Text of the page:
Link To Scrolly Map

The map and story can be found here.

The map is not optimised for mobile phone viewing, and is best viewed on a computer.

This map is evolving as new cases arises. It includes cases of reported misadventure in the natural environment which lead to death or injury and are attributed to taking selfies or social media-related activity. There is a particular focus on those cases in Australia, at aquatic locations. It is not intended to be a comprehensive list or database of every selfie-related event in the world. Nevertheless, it provides a geographical snapshot and highlights the scale of the issue, globally and in Australia. Of note, the media may report that a case was social media-related when in fact it isn’t, and vice versa. This is a challenging aspect of this kind of research.

For more information on this problem, please see my review article ‘Selfie-Related Incidents: Narrative Review and Media Content Analysis’

Project Description

Project Data Sources

  1. News sites
  2. Peer reviewed literature


I am interested in mapping selfie and social media-related incidents in Australia.

What it does

This project is an interactive visualisation that updates with every user scroll. It leverages the power of the scrollama library (JavaScript) and the MapBox API, with data pulled from news reports.

Who built it

Samuel Cornell built this map and visualisation. This map and site is based on the work completed by Connor Rothschild and Denizhan-Yigitbas who created their project to map homicides in Houston.


Cornell S, Brander R, Peden A. Selfie-Related Incidents: Narrative Review and Media Content Analysis. J Med Internet Res 2023;25:e47202 doi: 10.2196/47202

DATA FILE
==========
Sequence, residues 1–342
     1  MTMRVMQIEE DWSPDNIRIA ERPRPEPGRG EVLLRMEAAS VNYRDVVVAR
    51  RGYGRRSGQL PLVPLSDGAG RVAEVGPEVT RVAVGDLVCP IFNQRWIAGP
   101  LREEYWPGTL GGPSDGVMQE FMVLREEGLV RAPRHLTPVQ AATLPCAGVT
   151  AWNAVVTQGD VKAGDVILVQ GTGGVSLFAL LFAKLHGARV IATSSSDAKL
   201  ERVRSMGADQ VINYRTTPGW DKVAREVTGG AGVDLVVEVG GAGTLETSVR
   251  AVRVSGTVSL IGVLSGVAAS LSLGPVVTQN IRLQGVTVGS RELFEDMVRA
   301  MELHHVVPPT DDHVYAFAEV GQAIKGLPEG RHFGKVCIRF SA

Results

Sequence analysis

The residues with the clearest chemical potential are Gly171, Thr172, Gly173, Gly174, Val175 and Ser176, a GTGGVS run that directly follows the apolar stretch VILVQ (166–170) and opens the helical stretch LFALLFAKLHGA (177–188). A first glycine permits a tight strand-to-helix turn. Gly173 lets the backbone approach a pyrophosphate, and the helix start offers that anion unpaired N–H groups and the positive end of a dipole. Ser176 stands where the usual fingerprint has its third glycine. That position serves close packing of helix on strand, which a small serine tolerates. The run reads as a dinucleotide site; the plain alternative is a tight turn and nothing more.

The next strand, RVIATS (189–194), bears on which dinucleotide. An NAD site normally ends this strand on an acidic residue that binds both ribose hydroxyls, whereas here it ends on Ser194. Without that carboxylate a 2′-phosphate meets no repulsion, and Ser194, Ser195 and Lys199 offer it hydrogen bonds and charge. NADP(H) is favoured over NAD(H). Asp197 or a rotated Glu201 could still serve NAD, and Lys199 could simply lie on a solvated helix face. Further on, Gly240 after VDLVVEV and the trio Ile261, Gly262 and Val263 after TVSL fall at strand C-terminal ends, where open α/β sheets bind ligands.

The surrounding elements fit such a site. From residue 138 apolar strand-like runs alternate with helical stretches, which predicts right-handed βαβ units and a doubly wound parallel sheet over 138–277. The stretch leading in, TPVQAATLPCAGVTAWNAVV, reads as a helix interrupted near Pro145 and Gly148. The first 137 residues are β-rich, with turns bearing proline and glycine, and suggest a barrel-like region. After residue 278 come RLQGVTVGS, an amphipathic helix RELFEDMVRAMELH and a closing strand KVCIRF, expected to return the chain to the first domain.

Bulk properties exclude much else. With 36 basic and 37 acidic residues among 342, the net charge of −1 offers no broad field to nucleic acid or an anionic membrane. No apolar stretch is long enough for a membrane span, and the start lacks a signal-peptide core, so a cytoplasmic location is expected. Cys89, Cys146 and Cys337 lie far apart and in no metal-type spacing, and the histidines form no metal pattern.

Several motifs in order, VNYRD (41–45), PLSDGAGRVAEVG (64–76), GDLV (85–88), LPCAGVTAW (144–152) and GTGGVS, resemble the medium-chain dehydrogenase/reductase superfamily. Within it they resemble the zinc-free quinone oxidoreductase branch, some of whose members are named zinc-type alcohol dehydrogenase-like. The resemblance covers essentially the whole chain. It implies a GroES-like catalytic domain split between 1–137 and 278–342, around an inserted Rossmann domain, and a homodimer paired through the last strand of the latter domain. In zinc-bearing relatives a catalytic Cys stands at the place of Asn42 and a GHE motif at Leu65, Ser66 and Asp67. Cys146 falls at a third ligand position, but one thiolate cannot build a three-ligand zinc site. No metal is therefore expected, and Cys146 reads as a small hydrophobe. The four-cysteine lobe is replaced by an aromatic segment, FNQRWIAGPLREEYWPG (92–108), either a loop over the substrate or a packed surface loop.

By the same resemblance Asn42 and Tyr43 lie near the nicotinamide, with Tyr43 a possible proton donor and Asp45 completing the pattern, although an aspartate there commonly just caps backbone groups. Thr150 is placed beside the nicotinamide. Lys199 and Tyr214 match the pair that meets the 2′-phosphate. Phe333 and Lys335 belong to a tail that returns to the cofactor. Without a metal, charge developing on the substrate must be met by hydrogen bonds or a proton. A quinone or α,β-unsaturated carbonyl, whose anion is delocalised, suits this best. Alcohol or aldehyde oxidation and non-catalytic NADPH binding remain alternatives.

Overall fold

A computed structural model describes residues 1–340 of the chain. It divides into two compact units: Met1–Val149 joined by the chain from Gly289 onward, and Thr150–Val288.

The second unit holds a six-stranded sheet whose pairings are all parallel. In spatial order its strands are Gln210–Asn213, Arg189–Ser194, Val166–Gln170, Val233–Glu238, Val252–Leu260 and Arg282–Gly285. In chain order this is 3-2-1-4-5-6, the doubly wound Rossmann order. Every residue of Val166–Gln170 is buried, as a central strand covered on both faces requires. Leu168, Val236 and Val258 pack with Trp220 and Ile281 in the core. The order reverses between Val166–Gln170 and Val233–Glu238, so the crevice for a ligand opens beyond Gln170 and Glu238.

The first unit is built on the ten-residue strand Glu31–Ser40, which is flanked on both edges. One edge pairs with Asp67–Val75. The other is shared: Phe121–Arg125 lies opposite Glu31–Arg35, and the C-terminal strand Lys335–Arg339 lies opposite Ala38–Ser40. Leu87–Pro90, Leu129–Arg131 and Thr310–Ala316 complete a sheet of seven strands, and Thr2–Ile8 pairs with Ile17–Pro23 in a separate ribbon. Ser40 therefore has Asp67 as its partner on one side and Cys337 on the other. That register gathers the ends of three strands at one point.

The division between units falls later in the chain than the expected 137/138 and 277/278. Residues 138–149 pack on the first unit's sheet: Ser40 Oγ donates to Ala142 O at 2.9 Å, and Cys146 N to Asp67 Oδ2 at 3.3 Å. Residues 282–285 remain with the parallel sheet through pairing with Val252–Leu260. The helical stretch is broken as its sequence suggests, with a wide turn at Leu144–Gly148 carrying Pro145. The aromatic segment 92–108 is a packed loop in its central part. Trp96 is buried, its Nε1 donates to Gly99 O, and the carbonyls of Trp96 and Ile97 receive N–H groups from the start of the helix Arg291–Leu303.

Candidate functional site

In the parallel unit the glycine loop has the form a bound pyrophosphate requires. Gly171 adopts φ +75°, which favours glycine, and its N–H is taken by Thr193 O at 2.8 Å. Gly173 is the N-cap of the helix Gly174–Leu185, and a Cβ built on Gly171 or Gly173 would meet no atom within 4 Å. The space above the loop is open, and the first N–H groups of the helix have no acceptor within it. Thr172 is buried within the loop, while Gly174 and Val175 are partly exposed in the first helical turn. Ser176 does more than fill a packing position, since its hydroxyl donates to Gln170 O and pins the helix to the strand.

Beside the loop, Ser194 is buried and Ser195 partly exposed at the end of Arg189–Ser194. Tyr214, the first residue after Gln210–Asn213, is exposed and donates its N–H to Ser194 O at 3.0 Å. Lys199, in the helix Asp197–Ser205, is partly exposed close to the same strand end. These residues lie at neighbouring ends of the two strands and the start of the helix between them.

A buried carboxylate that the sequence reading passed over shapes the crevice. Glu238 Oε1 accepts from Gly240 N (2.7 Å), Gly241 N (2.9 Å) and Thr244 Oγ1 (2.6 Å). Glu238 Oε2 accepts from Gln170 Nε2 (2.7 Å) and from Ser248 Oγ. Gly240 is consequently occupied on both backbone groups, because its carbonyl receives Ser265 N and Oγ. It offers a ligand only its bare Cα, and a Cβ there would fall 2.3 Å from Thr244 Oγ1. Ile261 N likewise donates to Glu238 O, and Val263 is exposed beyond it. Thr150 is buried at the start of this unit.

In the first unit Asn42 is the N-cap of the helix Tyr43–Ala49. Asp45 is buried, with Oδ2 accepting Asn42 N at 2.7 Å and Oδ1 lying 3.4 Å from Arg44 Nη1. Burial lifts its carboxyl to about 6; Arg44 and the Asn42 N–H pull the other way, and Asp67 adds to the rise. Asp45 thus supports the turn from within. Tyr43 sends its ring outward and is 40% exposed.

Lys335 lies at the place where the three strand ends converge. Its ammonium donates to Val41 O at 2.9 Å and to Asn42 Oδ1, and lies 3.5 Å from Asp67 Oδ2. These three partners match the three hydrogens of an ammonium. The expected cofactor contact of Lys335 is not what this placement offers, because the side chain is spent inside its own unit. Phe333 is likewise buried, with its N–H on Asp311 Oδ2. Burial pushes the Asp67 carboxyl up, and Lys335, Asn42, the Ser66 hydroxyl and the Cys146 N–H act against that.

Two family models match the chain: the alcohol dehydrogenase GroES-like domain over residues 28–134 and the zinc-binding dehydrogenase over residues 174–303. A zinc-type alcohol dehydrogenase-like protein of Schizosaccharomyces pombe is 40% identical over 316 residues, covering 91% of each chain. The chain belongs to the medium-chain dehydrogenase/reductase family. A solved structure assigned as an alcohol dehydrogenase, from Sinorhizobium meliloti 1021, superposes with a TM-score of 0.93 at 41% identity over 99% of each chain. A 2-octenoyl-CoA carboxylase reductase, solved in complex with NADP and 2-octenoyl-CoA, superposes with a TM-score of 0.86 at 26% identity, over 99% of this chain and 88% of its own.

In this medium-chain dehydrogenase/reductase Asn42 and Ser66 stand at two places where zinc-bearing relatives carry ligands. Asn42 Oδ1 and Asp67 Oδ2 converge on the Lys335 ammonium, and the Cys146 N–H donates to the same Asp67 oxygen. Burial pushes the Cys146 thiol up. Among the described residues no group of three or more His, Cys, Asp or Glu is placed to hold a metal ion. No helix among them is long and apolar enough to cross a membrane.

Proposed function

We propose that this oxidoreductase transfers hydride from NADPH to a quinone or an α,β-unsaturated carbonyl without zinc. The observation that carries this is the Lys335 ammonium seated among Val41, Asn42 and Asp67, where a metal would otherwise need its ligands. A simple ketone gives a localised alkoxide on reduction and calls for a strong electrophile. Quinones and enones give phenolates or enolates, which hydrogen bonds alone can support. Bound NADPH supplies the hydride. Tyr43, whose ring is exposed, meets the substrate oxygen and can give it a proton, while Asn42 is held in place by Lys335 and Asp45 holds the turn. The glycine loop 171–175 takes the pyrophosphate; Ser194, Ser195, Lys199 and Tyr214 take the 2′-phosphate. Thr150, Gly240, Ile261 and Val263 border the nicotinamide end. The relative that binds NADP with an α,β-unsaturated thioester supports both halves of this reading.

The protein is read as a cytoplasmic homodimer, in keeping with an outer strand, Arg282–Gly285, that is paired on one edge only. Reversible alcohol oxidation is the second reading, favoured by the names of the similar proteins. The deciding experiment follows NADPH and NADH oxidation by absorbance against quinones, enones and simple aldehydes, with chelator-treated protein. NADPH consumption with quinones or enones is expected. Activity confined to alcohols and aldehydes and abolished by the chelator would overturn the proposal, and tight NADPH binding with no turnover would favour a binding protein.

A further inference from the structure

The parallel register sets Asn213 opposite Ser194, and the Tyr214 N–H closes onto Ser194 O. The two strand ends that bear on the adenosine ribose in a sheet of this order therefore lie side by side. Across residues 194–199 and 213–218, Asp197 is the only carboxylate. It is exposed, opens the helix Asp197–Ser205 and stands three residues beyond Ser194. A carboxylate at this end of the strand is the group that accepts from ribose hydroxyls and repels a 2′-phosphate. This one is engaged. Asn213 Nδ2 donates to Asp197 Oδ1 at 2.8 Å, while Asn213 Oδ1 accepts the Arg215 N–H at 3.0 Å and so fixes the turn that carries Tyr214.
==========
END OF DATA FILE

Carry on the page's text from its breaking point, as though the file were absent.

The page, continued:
Bansal, Agam1,; Garg, Chandan2; Pakhare, Abhijith1; Gupta, Samiksha1. Selfies: A boon or bane?. Journal of Family Medicine and Primary Care 7(4):p 828-831, Jul–Aug 2018. DOI: 10.4103/jfmpc.jfmpc_109_18

Mohit J. Jain & Kinjal J. Mavani (2017) A comprehensive study of worldwide selfie-related accidental mortality: a growing problem of the modern society, International Journal of Injury Control and Safety Promotion, 24:4, 544-549, DOI: 10.1080/17457300.2016.1278240

Cornell, S., Brander, R.W. and Peden, A.E. (2023), Preventing selfie-related incidents: Taking a public health approach to reduce unnecessary burden on emergency medicine services. Emergency Medicine Australasia, 35: 691-693.

Manuel Linares, Laura Santos, Joaquín Santos, Cristina Juesas, Miguel Górgolas, José-Manuel Ramos-Rincón, Selfie-related deaths using web epidemiological intelligence tool (2008–2021): a cross-sectional study, Journal of Travel Medicine, Volume 29, Issue 5, July 2022, taab170,